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Flexible Contraceptive Ring Lasts for Whole Year

By HospiMedica International staff writers
Posted on 30 Aug 2018
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Image: The Annovera reusable contraceptive ring (Photo courtesy of Hallie Easley / Population Council).
Image: The Annovera reusable contraceptive ring (Photo courtesy of Hallie Easley / Population Council).
A new self-administered hormonal contraceptive formed as a reusable, flexible silicone ring can prevent unwanted pregnancies for up to an entire year.

The Annovera contraceptive ring, developed by the global nonprofit organization Population Council (New York, NY, USA), is a soft, reusable flexible silicone ring (57 mm in diameter) loaded with segesterone acetate and ethinyl estradiol that can be inserted and removed by a woman herself. It is placed vaginally for 21 days and removed for the next seven. When not in use, it is washed and stored in a compact case, withstanding temperatures of up to 30°C, an important consideration for distribution and use in low-resource settings.

Results of the Phase 3 trial, which enrolled a total of 2,308 women across 27 study sites in the United States, Latin America, Europe, and Australia, showed that Annovera was 97.3% effective in preventing pregnancy when used as directed, with a similar risk profile to other combined hormonal contraceptives. Similarly, a boxed warning related to increased cardiovascular risk warns users who smoke. As yet, Annovera has not been adequately evaluated in women with a body mass index (BMI) greater than 29 kg/m2.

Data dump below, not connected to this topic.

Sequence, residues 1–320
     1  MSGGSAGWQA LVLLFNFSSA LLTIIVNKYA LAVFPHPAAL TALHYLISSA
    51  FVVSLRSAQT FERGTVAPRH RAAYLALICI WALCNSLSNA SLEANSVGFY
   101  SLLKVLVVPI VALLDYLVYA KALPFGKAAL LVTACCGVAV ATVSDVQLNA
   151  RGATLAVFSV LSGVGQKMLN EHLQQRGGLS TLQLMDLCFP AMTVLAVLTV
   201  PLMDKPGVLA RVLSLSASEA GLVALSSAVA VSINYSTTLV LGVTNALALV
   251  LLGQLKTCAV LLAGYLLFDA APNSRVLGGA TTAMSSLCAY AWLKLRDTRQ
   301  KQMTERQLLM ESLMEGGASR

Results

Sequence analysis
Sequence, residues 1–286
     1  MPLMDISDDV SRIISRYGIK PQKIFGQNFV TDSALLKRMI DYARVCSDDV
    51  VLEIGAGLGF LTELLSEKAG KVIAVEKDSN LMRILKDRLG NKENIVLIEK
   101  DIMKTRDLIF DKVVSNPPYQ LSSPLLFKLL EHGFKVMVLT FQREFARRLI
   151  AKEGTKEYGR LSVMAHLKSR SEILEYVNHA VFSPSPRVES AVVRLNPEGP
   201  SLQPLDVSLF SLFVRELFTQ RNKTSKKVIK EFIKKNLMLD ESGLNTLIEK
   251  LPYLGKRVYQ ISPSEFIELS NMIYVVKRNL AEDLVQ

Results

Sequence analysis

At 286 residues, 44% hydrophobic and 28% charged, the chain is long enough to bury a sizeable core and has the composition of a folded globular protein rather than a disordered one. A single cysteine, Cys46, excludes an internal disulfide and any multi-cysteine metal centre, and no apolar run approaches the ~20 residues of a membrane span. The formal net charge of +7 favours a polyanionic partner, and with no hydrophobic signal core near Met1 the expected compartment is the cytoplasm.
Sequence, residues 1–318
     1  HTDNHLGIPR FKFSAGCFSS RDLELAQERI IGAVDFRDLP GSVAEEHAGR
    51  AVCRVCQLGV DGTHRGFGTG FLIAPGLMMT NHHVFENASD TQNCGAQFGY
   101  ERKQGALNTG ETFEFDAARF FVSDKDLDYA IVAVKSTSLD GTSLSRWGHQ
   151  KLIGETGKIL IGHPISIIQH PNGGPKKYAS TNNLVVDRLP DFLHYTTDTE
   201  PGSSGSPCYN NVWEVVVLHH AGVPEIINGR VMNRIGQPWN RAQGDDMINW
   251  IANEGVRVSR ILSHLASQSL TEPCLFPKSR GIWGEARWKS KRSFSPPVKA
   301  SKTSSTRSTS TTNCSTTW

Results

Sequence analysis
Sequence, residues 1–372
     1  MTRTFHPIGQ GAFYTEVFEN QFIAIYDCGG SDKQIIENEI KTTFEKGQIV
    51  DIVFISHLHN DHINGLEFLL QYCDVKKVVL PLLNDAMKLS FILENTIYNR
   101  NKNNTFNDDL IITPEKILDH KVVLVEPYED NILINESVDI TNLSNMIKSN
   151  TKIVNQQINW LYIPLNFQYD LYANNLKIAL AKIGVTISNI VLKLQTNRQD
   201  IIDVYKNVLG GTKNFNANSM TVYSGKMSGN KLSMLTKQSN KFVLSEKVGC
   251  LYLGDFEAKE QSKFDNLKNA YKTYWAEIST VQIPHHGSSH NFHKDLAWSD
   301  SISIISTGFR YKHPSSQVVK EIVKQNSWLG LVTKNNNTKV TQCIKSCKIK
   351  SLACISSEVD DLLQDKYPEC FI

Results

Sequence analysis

“Nearly half of all pregnancies in the United States are unintended, which can increase health risks for mom and baby,” said Julia Bunting, president of the Population Council. “For more than 60 years, the Population Council has been at the vanguard of global efforts to develop innovative family planning methods that meet women’s needs. Having a single contraceptive system that provides a full year of protection while under a woman’s control could be a game-changer for some women.”

Annovera is the sixth contraceptive technology that Population Council researchers have developed to address family planning needs around the world and brought to market through commercialization agreements, which are in use by an estimated 170 million women worldwide. Other contraceptives developed by the Population Council include the copper intrauterine device (IUD) ParaGard; the Mirena intrauterine system; the contraceptive implants Norplant and Jadelle; and Progering, a contraceptive vaginal ring for breastfeeding women.

Related Links:
Population Council

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